A side note: there are, of course, SOAP web methods, which provide an HTTP verb-style interface to a standard SOAP web service--which would be a more direct mapping to a REST resource. But if you're using a form of orchestration, pulling a number of services and processes together with something like BPEL, you are potentially going to be constrained (at the very least by convention, but perhaps also by technical considerations of the orchestration and choreography tools) to using
GET and (more commonly)
POST for your SOAP methods.
The REST Resource Definition
The place I'll start is with the REST services, or resources (in REST terminology). For the purposes of this discussion, I've (RAD) prototyped all of the code in Jython, which gives me access to all of the Java libraries I need to use, and also allows me to throw components together without too much infrastructure (and without too much in the way of recompilation and preparation). Jython also has the advantage of being able to (generally) do more in less space than Java, so from the point of view of explanation, it's quite a useful tool. That said, it's worthwhile to note that in a production setting, I would re-implement certain segments of the code, where performance would be an issue (the interfacing specifically), in "native" Java, due to Jython's performance limitations.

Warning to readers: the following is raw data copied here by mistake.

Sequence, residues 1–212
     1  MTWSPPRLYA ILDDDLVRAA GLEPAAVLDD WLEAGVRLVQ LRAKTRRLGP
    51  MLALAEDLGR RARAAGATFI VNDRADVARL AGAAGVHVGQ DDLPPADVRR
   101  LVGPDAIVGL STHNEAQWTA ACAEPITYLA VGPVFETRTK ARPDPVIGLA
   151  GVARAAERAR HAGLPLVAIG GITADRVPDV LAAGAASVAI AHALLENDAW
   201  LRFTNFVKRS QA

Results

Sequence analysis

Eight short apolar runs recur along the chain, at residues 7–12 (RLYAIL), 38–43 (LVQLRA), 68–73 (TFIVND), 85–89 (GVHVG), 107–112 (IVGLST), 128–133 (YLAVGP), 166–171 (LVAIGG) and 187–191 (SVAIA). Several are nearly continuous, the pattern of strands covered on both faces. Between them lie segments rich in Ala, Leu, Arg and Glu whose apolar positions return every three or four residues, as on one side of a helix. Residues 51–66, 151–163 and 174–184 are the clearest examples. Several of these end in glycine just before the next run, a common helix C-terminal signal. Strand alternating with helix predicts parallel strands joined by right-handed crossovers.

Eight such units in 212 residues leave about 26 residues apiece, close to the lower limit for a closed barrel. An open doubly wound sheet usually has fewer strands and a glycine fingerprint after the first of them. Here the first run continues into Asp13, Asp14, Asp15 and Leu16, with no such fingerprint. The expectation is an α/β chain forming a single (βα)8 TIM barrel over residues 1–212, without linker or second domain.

To get the directory structure out of the way first, I've set up a directory in my servlet container's webapps directory with the basic layout in Figure 1.
Figure 1. Directory layout
Working servlet files (in this case, Jython scripts) will be placed in the root test folder, while source code obviously goes in the source directory and is compiled to classes--pretty much as you might expect. I'll come to the generated directory shortly.
To test the services for yourself, extract the contents of the sample code rest+soap.zip file, found in the Resources section, into the webapps directory of your servlet container (tested on Jetty and Tomcat 5). The various .jar files required for WEB-INF/lib are detailed in the readme.txt file located in that directory. Source code can be compiled using Ant and the build.xml file located in source.
For this example, my REST service will be a "shopping basket" of stocks, supporting
GET (retrieve an existing shopping basket),
PUT (create or update a shopping basket), and
DELETE (remove a basket). The URI for accessing the resource will be http://localhost:8080/test/basket/<basket_name>, so it could be viewed from a browser with something like http://localhost:8080/test/basket/mybasket. In addition, I'm going to use XML schemas to define the messages passed to and from my resource, and JAXB to simplify the process of conversion from flat XML to object. So the first step in this process will actually be defining the XML schema for the basket resource. In my (perhaps less than) infinite wisdom, I've made the decision that the definitions for my resource will go in schema file Basket.xsd, while any commonalities (i.e., definitions that could be used by other resources) will go in Common.xsd. For example, the definition for the